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Alice Cooper Brings More Death To His Theater
Over the years, Alice Cooper has been hung, beheaded, electrocuted ... and he always lived to tell about it. And do it again.
This year, however, Cooper is doing it all at once. His new show, appropriately dubbed “Theatre of Death,” takes the veteran shock rocker’s schtick and turns the formula “totally upside down and backwards,” from starting with his usual closing number, “School’s Out,” to staging multiple deaths over the course of the concert.
“It’s a celebration of all things Alice,” explains Cooper, 61, who was born Vincent Furnier in Detroit and still holds an allegiance to the Motor City — especially its sports teams — even though he now makes his home in suburban Phoenix.
“There’s no moral to it. It really is just sort of a celebration of different phases of Alice.”
The latest Cooper extravaganza was the idea of Robert Jess Roth, who directed the original Broadway stage production of Walt Disney’s “Beauty and the Beast” and is a big Cooper fan. “He said, ‘I want your lyrics to tell the story,’ ” recalls Cooper, who composed a new verse for the song “Devil’s Food” to accommodate Roth’s script. “He said, ‘I want to tell four stories — the delinquent Alice, Alice in hell, four different acts. And at the end of each act we kill you; we kill that Alice and introduce the next Alice.’
“He showed me the set list and the ideas and we started talking about what deaths would be good, this and that, and the show just started forming. All of a sudden, we had this elaborate show, new lights and props and costumes and everything, and I really liked it.”
So have Cooper’s fans, who have filled the Internet with chatter about the changes. “People are going, ‘What? You don’t kill Alice in the first five songs! What’s gonna happen?!’ ” he says with a laugh. “To me, it’s really exciting to do a new show that works like this. And it’s more rockin’, this show, than the last show. There’s more hard rock songs in a row.”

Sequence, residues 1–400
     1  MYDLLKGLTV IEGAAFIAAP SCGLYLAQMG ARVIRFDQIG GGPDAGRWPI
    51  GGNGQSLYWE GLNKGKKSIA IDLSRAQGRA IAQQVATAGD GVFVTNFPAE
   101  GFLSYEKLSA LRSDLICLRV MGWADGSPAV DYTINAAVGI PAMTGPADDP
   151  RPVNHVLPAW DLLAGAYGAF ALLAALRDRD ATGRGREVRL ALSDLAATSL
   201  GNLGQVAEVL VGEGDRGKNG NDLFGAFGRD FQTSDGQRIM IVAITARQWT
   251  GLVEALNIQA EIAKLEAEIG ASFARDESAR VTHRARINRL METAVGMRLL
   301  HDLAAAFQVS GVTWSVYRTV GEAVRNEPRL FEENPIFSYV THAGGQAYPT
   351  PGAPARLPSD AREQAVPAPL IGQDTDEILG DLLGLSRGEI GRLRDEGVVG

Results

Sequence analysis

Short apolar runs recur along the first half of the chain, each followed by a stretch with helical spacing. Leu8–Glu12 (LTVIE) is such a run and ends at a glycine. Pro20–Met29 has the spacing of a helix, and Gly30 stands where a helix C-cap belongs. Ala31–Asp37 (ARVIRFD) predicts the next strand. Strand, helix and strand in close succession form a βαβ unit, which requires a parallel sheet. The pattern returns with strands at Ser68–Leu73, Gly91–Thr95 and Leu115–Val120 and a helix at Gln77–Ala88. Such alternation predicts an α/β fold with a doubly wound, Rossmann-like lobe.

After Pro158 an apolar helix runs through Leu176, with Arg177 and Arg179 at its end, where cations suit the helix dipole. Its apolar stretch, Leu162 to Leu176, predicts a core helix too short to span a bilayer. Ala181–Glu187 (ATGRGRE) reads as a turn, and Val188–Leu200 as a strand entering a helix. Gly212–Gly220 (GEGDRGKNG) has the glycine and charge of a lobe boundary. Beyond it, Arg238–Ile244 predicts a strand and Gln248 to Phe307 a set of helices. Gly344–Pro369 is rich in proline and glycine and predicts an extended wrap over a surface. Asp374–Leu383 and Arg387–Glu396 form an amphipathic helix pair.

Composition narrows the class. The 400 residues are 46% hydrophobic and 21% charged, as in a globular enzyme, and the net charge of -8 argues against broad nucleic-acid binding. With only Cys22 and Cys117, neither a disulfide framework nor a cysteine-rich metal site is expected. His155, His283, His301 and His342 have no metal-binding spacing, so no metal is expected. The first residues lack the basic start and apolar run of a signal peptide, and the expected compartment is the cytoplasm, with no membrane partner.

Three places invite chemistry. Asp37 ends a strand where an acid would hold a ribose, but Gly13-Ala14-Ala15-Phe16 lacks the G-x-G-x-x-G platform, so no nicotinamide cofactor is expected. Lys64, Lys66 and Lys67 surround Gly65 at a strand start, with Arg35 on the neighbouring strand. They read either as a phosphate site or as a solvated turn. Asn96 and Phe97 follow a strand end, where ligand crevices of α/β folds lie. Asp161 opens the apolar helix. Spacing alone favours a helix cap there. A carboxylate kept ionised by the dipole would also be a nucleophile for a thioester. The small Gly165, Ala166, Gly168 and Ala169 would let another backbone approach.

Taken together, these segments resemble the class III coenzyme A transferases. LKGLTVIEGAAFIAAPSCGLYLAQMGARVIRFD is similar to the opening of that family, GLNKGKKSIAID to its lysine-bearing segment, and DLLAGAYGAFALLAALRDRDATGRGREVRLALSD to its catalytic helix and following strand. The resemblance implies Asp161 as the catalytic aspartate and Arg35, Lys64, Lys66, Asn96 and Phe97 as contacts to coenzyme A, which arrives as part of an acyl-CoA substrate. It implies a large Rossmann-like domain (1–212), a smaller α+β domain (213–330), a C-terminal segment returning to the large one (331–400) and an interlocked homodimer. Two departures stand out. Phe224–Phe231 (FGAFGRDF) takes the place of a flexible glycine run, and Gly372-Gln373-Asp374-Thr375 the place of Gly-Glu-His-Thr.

Not everyone appreciates the Theatre of Death bloodbath, however. It was banned by a fundamentalist venue in Finland during Cooper’s summer European tour — not the first time Cooper has faced that issue, but now he’s not as prone to fight as he was in the ’70s. “You know what,” he says, “because I’m Christian myself, I just turned the other cheek.
“There is always someone who is going to be a radical or fanatic who has their beliefs, and I respect that. Find another venue; I don’t care. There’s nothing in my show that can be banned, or I would have been banned all over the world.”
Instead of worrying, he’s turning his attention toward future projects. Cooper, who joins his daughter Calico in the upcoming vampire comedy film “Suck,” plans to film and record the tour at some point before it winds down, though he also plans on taking the same show out again in 2010.
He also isn’t ruling out a future show based on his 2008 concept album “Along Came a Spider,” although he’s already started work on his next album, too.
“I’ve got three or four songs written for it,” says Cooper, explaining that it involves “a new character, a new direction and probably a surprising producer on this one.”
“The good thing,” he adds, “is I don’t have to be as competitive as I once was. It used to be every time I put an album out, I had to worry about if it was going to sell more than (David) Bowie or do better than Kiss or if we sold 2 million (copies) last time we have to sell 2 million plus one this time ...
“I don’t have to worry about that anymore. Feeding my family doesn’t depend on my new album. I’m doing it because I want to, and because I can. If somebody new discovers it and likes me, then great, but I don’t lose sleep over it, either.”
Alice Cooper, the Detroit Helldrivers and Salem Witchcraft perform at 7 p.m. Saturday (Sept. 19) at the Freedom Hill Amphitheatre, 14900 Metropolitan Pkwy. at Schoenherr, Sterling Heights. Tickets are $20, $35 and $58 pavilion, $12.47 lawn. Call (586) 268-5100 or visit www.freedomhill.net.
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